Long Strings

A complication to the RtlInitUnicodeString function is that Length and MaximumLength are 16-bit. This is not a practical worry when initialising a UNICODE_STRING for a string literal, but is when the SourceString is received as input from some unknown caller and may be unexpectedly large, whether by accident, design or mischief. Early versions do not anticipate this at all. They simply set Length and MaximumLength to the low 16 bits of the computed 32-bit sizes. Starting with version 5.2, if the string including its null terminator exceeds 0xFFFE bytes, then Length and MaximumLength become 0xFFFC and 0xFFFE respectively. Either way, the string is not faithfully represented. The function has no success or failure to signify this misrepresentation.

Although a UNICODE_STRING in general need not have a null terminator after Length bytes of Unicode characters, programmers evidently do sometimes work with those characters as if they belong to a null-terminated string, especially if they know the UNICODE_STRING was prepared by RtlInitUnicodeString. It is true that such preparation means there is a null character somewhere after Buffer, but if the SourceString is arbitrary, then this null terminator is not certainly Length bytes from Buffer and neither is it certainly within MaximumLength bytes of Buffer.

Microsoft started dealing with this problem in version 5.1. Rather than store an incorrect Length and MaximumLength, as do all versions of RtlInitUnicodeString when given too long a string, a new function named RtlInitUnicodeStringEx fails. In version 5.1, this is a user-mode export only. The kernel has it in version 5.2 and higher. Microsoft’s own kernel-mode programming makes extensive use of it as an RtlInitUnicodeString replacement, but the new function (itself) seems never to have been documented.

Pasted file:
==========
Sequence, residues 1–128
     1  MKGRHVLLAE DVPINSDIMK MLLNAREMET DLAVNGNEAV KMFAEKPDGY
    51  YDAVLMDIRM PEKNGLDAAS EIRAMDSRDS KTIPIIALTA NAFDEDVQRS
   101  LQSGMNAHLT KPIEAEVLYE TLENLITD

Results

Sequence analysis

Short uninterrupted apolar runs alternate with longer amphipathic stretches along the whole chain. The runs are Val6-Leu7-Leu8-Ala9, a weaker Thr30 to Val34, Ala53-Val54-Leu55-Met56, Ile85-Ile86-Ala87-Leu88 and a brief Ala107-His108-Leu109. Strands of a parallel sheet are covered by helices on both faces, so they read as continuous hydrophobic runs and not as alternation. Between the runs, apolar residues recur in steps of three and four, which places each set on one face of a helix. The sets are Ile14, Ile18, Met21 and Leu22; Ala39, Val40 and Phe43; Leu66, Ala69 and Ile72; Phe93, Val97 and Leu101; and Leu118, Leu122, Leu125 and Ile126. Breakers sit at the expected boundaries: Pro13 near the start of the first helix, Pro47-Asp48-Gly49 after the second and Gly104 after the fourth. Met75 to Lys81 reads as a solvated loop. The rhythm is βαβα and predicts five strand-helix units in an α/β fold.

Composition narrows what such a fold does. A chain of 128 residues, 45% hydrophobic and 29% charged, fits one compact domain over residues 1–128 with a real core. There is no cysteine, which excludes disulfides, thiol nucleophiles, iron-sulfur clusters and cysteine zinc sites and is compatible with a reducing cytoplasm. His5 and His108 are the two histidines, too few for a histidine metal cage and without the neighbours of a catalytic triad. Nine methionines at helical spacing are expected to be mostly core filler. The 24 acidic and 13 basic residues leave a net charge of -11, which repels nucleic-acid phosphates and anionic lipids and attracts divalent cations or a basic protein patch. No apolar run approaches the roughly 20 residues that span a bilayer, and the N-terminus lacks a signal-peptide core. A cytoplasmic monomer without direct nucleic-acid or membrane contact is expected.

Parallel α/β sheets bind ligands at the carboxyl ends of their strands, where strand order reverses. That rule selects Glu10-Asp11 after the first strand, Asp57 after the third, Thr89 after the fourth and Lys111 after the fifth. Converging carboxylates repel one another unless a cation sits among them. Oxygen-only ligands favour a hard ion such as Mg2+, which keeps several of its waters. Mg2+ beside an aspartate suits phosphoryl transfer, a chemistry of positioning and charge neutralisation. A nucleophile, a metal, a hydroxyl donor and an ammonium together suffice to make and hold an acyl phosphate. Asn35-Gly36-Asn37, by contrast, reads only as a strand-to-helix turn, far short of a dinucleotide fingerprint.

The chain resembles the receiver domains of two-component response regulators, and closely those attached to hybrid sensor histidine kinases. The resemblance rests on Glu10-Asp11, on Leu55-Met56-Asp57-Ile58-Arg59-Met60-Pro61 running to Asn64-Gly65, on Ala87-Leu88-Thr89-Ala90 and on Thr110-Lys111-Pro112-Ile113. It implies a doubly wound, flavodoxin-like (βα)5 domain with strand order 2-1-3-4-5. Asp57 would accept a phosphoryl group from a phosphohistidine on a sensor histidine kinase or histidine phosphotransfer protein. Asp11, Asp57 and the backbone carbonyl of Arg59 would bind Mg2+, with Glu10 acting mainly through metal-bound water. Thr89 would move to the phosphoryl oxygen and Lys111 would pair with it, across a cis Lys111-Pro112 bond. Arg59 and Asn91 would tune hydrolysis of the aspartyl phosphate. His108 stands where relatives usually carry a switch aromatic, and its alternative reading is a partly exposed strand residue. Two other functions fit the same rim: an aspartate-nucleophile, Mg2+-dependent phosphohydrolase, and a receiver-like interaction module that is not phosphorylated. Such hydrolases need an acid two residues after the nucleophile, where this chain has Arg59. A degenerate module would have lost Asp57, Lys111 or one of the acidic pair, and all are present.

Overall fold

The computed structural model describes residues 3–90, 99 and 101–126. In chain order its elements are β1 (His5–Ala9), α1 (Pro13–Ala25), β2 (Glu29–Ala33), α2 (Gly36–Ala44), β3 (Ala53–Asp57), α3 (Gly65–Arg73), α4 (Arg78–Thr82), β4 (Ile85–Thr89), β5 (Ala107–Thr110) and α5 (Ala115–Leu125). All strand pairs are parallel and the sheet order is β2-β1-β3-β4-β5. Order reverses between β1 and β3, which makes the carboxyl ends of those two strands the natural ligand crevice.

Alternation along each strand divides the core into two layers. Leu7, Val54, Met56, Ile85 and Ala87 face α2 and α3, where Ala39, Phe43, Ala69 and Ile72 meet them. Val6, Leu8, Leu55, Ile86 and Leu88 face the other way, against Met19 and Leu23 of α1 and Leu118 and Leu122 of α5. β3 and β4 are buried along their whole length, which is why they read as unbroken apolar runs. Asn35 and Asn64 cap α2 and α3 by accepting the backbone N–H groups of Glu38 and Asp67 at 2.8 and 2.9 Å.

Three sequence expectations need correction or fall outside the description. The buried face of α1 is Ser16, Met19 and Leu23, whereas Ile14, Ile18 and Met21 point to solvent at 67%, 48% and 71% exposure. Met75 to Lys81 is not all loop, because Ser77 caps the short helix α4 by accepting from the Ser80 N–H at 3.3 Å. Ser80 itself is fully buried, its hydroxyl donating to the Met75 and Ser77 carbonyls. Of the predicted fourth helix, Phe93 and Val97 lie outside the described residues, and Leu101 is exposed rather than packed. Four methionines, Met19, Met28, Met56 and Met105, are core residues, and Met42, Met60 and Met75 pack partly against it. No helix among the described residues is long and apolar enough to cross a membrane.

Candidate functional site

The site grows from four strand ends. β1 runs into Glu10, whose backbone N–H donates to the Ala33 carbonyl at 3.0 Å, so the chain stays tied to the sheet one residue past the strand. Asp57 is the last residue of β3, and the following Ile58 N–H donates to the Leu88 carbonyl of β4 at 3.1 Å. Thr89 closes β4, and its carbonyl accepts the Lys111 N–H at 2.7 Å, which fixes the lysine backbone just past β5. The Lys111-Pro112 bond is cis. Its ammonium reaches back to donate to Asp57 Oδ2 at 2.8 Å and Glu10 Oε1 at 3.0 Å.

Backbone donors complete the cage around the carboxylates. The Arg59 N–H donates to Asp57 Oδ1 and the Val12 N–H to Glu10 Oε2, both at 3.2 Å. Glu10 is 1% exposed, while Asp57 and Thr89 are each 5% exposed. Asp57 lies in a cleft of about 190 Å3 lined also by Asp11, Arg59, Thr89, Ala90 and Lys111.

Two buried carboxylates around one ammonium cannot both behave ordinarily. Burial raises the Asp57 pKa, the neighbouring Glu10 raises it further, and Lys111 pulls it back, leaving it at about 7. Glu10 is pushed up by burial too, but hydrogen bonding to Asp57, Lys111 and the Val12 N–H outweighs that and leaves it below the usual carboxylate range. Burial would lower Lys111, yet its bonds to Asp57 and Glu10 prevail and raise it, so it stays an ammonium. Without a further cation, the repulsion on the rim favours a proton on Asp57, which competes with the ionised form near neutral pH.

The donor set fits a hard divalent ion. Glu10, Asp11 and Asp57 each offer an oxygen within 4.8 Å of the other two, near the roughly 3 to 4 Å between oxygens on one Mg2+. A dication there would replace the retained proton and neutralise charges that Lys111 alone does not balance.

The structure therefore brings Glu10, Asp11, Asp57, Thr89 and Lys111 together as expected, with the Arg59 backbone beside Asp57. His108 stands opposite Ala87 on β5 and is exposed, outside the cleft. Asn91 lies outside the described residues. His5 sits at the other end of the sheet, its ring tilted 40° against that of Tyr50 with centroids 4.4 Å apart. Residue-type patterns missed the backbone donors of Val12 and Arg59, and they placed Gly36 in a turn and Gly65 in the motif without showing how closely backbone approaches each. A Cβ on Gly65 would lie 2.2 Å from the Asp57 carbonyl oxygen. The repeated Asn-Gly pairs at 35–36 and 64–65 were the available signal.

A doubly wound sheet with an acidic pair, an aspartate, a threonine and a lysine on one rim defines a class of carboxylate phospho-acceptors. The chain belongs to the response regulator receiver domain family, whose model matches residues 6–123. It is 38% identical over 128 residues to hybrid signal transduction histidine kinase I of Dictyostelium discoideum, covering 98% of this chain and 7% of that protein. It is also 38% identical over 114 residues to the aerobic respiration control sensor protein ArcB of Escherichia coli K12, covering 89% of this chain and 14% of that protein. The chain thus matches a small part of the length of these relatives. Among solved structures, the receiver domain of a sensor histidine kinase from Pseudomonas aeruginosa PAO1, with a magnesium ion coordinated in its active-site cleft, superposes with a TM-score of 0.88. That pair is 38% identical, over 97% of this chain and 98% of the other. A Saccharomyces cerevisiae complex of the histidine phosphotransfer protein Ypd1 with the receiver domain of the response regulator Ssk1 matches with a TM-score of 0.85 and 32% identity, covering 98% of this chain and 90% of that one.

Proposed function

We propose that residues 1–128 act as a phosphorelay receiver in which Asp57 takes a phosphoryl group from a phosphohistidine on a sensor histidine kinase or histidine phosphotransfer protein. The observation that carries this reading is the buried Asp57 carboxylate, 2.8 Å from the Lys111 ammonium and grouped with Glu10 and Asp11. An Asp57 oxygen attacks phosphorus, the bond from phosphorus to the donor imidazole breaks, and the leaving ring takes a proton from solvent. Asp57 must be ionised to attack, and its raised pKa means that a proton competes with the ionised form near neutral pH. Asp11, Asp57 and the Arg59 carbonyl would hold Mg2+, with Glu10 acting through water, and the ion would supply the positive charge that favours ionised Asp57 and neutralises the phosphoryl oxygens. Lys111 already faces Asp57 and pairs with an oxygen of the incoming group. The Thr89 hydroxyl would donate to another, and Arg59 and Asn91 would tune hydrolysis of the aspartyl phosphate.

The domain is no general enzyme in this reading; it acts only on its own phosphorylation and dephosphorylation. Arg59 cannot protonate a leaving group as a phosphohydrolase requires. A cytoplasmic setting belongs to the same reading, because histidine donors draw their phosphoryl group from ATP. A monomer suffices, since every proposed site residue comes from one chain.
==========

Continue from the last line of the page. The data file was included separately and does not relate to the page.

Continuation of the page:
The kernel-mode implementation is in a non-paged section in all versions. Provided that both the UNICODE_STRING and the Unicode string that are addressed through the given arguments are in non-paged memory, the RtlnitUnicodeString function can safely be called at DISPATCH_LEVEL and higher. That it can has been documented by Microsoft since at least the DDK for Windows NT 3.51, but with only the one condition that “the DestinationString buffer is nonpageable.”


For a string whose address and size are known at compile time, as with a string literal, representation by a UNICODE_STRING may better be arranged at compile-time rather than by calling RtlInitUnicodeString at run time. Starting with the DDK for Windows XP, Microsoft supplies helpful macros in NTDEF.H (and reproduces them in some other headers).


When given a compile-time constant Unicode string, the RTL_CONSTANT_STRING macro expands to an aggregate initialiser for a UNICODE_STRING to represent the string. By providing just the right-hand side of a declarator, the macro leaves to the programmer the maximum flexibility for the left side. For example,